He explained how the soul, by comparison, lasts forever and that is where true beauty is found. He told her to focus on her soul and on Jesus Christ. Christ, he told her, suffered tremendously for us on the cross. His own body was beaten and broken out of love for us. The priest taught her that just as Jesus suffered out of love for us, to save us, so we could offer our daily sufferings up out of love for Him in return. 

Jesus offered up His entire self out of love for us, and so we can do the same, whether sunny weather, cloudy, or even storms of life.

This truth caused Margaret’s heart to be set on fire. She wanted to give herself up to Christ wholeheartedly just as Christ gave Himself to her. She immediately began to pray for hours every day and listened to the Mass as well. She confessed her sins to God, gave herself small penances, and even fasted. She may have been a little girl, but she prayed more fervently that most adults.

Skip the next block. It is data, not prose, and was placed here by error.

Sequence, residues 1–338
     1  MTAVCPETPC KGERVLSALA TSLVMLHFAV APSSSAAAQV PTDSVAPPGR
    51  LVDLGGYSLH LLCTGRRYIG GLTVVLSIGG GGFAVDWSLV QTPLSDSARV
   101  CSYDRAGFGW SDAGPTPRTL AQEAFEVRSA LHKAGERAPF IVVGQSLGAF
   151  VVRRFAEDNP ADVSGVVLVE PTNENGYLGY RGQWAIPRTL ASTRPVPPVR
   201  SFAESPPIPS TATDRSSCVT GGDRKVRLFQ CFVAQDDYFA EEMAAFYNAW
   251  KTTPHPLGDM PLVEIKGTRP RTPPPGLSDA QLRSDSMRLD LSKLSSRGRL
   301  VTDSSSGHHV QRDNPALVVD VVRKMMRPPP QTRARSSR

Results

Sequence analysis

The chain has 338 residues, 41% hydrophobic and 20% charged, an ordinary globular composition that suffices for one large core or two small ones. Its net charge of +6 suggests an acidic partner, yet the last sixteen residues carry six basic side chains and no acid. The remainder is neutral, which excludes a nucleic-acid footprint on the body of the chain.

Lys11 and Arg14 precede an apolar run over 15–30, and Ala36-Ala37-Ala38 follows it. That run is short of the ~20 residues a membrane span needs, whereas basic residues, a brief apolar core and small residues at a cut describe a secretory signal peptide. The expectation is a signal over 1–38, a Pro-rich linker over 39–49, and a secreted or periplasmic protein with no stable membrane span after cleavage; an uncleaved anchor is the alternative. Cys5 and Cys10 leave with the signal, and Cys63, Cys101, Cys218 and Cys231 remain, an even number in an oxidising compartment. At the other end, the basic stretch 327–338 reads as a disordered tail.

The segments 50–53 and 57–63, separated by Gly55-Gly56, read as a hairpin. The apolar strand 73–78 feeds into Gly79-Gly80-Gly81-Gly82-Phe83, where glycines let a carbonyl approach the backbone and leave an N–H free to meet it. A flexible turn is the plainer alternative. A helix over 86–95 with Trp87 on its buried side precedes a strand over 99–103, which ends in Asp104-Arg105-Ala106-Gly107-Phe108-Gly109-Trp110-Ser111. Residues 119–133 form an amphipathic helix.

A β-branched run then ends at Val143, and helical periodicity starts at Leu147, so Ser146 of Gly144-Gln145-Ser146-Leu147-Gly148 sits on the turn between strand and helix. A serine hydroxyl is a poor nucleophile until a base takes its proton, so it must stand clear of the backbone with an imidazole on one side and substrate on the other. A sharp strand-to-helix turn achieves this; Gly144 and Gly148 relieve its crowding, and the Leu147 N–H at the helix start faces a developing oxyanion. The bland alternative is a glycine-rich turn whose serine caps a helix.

Little Margaret lived in that confinement for 10 years.

Then, when she was about 16, their region of Masa Terraria came under attack. War was upon them. Ironically, out of concern for Margaret’s safety, her parents moved her to a new prison under Plaza street with all of the city’s prisoners. Aside from the addition of a bench, it had equally deplorable conditions as the first, and she remained in this underground prison for another year.

At this time, a miracle was reported in the faraway region of Castello, and subsequently, many people reported healings after visiting the church.  While her parents had forsaken God just as they has little Margaret, her father felt that being a nobleman and military leader of great status, that God had to look favorably upon him. Therefore, he reasoned, God would honor his wish for Margaret to be cured of her ailments. So, they set out as a family for the long journey to Castello.